An interview with...Steve Beal


If you don't already know Steve Beal, it's time you got to know him - at least from a distance! Grab a pew and enjoy his colourful interview - Mr December.

Written by: Michelle Lee

Steve Beal

If you could have one superpower, what would it be?

My one superpower would be to control the weather…rain by night, and everyday a sunny day!

What has been your guilty pleasure during lockdown and the last year?

During lockdown my guilty pleasure was riding my mountain bike in an empty forest. I loved having the place to myself, without the usual tourists. However, I know we need them to support our local economy.

Why, when and how did you get into cycling?

Why cycling? Kelloggs!! Kellogg’s breakfast cereals were keen on marketing cycling when I was a kid. I’d sit there eating my breakfast marvelling at the BMXs on the packets of my cornflakes!! When I was 9 years old my mum bought me a BMX, a Raleigh Burner. We didn’t have much money, and I knew this was a special gift. I was lucky that we had recently had a BMX track built in Redditch where I grew up…the addiction started there…and that’s where I left most of the skin from my elbows and knees… weren’t the 80’s great?? This led into a desire to have a ‘racer’ when I was 12, having watched the Milk Race go over the Malvern Hills… and then, aged 15, my 20 year love affair with mountain bikes started. (each phase coincided with me outgrowing each bike I had!) However, I reached 40 years old before I finally satisfied that childhood desire to race in a road peloton.

What’s your greatest sporting or personal achievement?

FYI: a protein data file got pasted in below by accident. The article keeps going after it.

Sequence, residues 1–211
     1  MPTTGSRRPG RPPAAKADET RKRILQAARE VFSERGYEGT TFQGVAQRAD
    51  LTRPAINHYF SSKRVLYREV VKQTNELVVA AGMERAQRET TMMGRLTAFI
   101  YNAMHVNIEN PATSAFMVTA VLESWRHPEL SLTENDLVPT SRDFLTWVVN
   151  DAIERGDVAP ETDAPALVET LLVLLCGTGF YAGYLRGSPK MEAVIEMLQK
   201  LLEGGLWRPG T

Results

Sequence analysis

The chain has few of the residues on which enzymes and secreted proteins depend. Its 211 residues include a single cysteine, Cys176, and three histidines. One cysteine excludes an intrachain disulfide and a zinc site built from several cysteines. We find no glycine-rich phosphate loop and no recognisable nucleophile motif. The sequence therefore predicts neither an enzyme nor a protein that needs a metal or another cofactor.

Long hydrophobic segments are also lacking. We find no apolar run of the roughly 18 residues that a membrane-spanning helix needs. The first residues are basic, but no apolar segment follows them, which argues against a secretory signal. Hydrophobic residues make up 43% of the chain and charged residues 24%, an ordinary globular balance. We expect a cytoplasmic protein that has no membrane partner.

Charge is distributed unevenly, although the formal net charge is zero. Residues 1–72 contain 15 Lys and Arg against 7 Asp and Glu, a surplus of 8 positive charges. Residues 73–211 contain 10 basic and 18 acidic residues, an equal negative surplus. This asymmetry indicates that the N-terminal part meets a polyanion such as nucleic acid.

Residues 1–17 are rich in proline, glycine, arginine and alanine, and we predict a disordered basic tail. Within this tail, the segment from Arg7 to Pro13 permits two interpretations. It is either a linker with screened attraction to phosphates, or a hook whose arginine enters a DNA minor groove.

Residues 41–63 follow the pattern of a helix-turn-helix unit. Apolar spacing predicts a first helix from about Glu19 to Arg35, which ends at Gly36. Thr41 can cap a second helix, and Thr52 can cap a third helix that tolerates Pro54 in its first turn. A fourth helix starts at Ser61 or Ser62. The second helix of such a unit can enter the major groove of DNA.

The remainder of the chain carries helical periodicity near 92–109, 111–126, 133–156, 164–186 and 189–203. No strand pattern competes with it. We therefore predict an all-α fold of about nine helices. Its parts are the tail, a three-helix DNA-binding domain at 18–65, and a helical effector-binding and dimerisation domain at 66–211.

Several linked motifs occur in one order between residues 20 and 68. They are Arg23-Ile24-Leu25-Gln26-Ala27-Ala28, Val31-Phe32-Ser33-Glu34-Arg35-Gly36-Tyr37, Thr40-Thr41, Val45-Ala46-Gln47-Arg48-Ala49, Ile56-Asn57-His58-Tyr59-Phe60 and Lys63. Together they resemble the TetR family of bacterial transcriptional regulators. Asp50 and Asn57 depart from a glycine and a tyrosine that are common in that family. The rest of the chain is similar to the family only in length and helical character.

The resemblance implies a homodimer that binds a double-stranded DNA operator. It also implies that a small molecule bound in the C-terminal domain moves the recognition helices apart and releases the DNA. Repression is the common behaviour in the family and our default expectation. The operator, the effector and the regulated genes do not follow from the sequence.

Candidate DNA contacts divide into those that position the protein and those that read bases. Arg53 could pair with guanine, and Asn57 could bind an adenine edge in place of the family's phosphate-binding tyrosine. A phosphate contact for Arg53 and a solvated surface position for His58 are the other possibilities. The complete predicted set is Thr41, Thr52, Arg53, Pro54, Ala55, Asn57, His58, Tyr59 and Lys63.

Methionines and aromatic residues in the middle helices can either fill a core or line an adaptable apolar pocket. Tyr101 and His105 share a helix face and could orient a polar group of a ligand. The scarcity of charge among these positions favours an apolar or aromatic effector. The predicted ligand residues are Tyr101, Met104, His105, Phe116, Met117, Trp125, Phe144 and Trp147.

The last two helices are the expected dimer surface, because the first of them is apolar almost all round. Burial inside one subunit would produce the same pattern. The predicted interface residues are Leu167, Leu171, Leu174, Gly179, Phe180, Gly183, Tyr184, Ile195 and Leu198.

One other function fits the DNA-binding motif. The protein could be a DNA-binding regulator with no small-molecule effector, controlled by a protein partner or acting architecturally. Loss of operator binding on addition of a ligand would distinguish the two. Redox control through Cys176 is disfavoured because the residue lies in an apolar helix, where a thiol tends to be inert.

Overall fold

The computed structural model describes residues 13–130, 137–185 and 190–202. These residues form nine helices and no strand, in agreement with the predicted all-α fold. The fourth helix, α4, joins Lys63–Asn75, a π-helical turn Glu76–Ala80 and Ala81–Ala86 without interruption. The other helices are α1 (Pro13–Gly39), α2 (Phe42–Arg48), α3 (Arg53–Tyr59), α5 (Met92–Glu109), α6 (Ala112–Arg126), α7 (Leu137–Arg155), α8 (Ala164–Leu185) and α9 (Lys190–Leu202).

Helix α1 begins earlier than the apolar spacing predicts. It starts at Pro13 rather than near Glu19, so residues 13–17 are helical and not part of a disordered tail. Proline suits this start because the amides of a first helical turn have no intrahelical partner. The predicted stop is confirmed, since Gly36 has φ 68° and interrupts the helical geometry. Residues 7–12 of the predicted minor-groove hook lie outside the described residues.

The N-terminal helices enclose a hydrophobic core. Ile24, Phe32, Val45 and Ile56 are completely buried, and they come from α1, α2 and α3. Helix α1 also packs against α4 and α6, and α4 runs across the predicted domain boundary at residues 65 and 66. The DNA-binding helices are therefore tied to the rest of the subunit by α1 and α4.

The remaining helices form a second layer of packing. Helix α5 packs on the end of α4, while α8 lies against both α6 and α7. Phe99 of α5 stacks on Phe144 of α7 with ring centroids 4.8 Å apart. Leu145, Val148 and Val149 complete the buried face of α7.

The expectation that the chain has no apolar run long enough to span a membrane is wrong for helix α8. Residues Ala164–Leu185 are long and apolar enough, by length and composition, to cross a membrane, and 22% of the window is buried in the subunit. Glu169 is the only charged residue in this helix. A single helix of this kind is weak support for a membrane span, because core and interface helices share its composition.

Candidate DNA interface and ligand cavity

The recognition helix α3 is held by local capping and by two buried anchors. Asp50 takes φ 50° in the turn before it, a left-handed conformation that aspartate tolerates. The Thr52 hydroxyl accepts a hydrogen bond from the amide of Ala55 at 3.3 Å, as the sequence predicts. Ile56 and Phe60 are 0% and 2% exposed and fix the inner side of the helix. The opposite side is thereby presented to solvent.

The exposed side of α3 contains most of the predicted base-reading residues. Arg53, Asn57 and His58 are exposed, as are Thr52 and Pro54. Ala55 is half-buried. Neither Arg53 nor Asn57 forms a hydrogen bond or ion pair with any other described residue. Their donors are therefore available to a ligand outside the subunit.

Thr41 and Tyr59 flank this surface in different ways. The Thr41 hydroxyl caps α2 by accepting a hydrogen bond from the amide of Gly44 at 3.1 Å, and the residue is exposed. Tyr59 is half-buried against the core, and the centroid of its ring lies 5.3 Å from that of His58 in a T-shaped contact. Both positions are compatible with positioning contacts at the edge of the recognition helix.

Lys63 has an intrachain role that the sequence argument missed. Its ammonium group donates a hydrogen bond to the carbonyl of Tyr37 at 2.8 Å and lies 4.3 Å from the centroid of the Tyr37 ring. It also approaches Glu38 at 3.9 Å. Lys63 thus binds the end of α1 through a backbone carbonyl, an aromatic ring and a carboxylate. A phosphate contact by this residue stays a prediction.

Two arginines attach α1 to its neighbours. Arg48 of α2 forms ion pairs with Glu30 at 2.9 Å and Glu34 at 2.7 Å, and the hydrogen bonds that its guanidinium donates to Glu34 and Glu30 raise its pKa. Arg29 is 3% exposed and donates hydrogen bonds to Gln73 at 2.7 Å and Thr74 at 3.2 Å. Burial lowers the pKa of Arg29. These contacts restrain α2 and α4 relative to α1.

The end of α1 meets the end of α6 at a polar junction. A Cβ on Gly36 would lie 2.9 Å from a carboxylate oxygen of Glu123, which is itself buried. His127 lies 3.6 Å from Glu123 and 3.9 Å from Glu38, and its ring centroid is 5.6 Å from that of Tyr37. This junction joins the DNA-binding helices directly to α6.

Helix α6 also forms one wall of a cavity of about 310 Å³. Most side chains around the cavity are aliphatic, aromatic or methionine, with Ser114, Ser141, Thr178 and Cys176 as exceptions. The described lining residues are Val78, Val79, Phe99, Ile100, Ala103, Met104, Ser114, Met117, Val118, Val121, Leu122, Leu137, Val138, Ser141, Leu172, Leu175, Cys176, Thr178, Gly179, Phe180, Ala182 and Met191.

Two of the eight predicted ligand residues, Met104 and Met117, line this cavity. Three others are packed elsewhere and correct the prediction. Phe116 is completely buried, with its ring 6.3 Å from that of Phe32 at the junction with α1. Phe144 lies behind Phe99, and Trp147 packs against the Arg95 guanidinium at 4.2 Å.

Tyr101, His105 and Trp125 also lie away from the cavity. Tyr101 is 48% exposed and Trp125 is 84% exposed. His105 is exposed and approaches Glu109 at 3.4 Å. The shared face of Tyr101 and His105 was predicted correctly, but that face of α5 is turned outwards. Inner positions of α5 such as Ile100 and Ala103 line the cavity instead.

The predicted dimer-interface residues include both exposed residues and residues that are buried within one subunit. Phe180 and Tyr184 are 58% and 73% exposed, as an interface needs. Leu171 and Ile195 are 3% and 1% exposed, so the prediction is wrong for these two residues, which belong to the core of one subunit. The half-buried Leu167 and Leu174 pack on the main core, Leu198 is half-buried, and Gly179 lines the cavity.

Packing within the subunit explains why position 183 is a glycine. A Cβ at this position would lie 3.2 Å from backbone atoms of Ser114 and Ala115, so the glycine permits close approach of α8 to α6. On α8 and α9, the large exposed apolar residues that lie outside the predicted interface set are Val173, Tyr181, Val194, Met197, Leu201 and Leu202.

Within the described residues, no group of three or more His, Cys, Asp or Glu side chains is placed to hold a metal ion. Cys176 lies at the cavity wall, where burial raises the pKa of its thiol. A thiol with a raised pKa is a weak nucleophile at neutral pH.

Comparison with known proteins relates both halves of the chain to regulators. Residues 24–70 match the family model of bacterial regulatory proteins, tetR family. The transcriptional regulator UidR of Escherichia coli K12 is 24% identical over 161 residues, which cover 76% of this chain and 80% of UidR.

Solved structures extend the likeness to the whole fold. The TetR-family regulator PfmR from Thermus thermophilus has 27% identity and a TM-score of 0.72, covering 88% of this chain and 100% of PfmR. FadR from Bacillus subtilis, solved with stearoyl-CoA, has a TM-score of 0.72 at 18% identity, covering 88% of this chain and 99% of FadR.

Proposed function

My greatest personal achievements are career orientated. Joining the British Army and then going onto a multitude of small but continual successes, that had a huge influence on my life. Naturally thriving within that environment led to quick promotion and being given exceptional opportunities to qualify in various tactical air support roles. I was told at 16 years old I wouldn’t be allowed to join the Army due to childhood asthma, they changed their rules, I passed the medical, and being a Soldier defined me and the rest of my adult life. As for sporting successes, I was annually consistently first place in the egg and spoon race at Junior School.

What is the kindest thing that anyone has ever done for you?

When I was a kid (15), there was a bike shop in Redditch called ‘Lenny’s Bikes’, my mum didn’t have a car, and my dad wasn’t around. I’d managed to buckle the wheel on my mountain bike, due to a spoke breaking and smashing it into curbs! I took my wheel on the bus to town and went to see Lenny in his back street shop. He knew me well from going in there with various bike related issues. I was always mesmerised by all the tools, the bikes and his chubby face that was always welcoming. I arrived at the shop, and he said to me, bring the wheel into the workshop…he then said for me to put it in that stand, gave me a spoke and went on to tell me how to repair it. Once the wheel was true, he said, did you enjoy doing that? I was like a dog with a bone! He said “Do you want to help me this afternoon?” I was so excited! He got me to ring my mum on the rotating dial landline and tell her where I was… and I spent the rest of the day mending bikes! I learned so much that day. When 5pm came, he said to me you worked hard today and gave me £5. I said, but I need to pay you for my wheel…Lenny said, you repaired that, not me! I’ll never forget Lenny, or that day.

Here’s £5k :-) What are you going to spend it on?